“Excuse me, the man who seems to think the sun orbits around him. Have you ever heard of autism? One in eighty children are born with it in Oregon, which is higher than the national average. Most are boys, even fewer are girls. Read about it, because it’s not going away. This mother is trying her best to have a semi-“normal” experience with her daughter, and doesn’t need you making nasty comments due to your ignorance. Not everyone has to fit into a little box or niche to be a part of society. So maybe you could send the sun back up into it’s proper orbit, because frankly, if it isn’t, we’ll have all sorts of natural disasters that look like those bad made for TV end of the world movies, which I wouldn’t want to watch unless Joss Whedon directed it, and I’d rather stick around a little longer. You can try learning a little about patience, tolerance, and compassion, and possibly see if she needs help before jumping to conclusions.” This isn’t exactly the way I had it phrased this morning, and I’m not sure at which point exactly the man and his girlfriend would have walked out, hit me, or maybe with all the new concealed weapons permits out there now, tried to shoot me. Maybe I shouldn’t say that last one, that’s a little like tempting fate. Pulled out his sword and tried to run me through? It’s not even a very good speech, but I had a lot of fun making it up. Possibly because I’ve been working so hard at restraining myself. A recess monitor shushed my student the other day in the hall as we were going out to recess. I’m not exactly sure why. We were on our way out to recess, which is so noisy I’ve actually thought, on more than one occasion, that girls screaming have been the whistle signaling us to come in. My student did once too, so I know it’s not just me. My student was happy, making quiet noises for her, and I was happy that she seemed content. So it made me so angry that the woman would “shush” her. Actually, it was a “shh shh shh.” Of all the nerve! I felt like going up to her and telling her that the student was actually pretty happy right then, but if she’d like to come in and work with her in the afternoon, she could give it a shot.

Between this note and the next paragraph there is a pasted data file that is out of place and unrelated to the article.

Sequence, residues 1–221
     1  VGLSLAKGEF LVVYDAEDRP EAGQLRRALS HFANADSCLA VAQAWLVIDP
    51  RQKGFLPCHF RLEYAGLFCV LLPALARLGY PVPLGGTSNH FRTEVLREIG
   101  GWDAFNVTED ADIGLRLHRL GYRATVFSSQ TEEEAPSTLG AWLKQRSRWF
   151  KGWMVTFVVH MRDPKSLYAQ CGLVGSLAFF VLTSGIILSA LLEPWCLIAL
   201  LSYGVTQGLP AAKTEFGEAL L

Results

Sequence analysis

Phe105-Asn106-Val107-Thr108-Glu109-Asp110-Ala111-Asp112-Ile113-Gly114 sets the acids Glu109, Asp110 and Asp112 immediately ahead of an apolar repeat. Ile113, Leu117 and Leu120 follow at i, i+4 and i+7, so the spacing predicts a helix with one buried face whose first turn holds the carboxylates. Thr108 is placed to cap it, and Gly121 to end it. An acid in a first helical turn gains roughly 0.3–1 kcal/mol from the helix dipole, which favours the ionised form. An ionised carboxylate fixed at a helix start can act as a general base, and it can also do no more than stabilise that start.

I’m getting overly protective of the students, and I think it’s out of frustration that I feel unheard and unsupported. The student I was watching one day for after lunch recess was walking back and forth on the rounded curb that keeps the wood chips (sort of) contained, I looked away to find the other student I was watching, and when I looked back to the first student, he looked like he had been pushed, because he sort of stumbled forward. I immediately went over and said “Hey! You right there. Did you just push him?” The little boy, probably a second grader, said he had just tapped his shoulder. I don’t know what really happened, I didn’t see it. He seemed like a nice enough kid. I apologized to him and said I overreacted, it was just that a lot of kids liked to pick on our kids and I was being over protective. I apologized again, then went and found the recess monitor I knew (who’s nice <g>) and told her what I’d done in case there were any complaints, at least someone would know what happened. I pointed him out, and she just said, oh, him. He’ll be fine, and he’ll think twice if he ever does think about doing something like that. Then yesterday, one of our own students was picking on one of our other ones–I’m not sure exactly what he was doing,but it looked like he was pinching his upper arm. I walked over to them and his hand came down super fast as soon as I saw him, so I knew it wasn’t just my imagination. I like both the kids. I don’t like it when they pick on each other. Especially when it’s a verbal one picking on a non-verbal one. Neither of them were having the best day.
I feel like standing on the play structure and shouting “Please, please–we only have about 25 days of school left before summer break. Can we just be nice to each other until then? Is that so much to ask? And please, for the love of god, will you stop the god damn hammering?” Oh, wait. Not the last sentence. Generally no hammering at recess. Excavation of drain covers, yes. There’s probably a line from one of the Indiana Jones movies to go with that one, but I can’t think of one offhand.
Speaking of which, has anyone seen Treasure Buddies? If anyone makes a move for it if you’re going to watch a DVD, run the other way. Quickly. It’s a live action version of Indiana Jones done with animals. I have not done of survey of children, but this may be a children’s movie that simply does not cross the line into being enjoyable for adults in anyway whatsoever. Except mocking it. That was how I survived the part I had to watch.
This may be a stranger post than usual. I’m not sure I’m competent to judge anymore. My definition of strange keeps shifting.
I just wish society would become more tolerant, and instead of forcing people to change to fit it and its “norms,” people could just be accepted as who they are. Differences are what make us unique and keep the world from being a boring, sterile place, a dystopian nightmare. Instead, sometimes I think we’re already living the nightmare, we’re just too asleep to notice.
Recommended listening, speaking of alternative/possibly future worlds. It did take a bit for this to grow on me, but it’s one of my favorites now.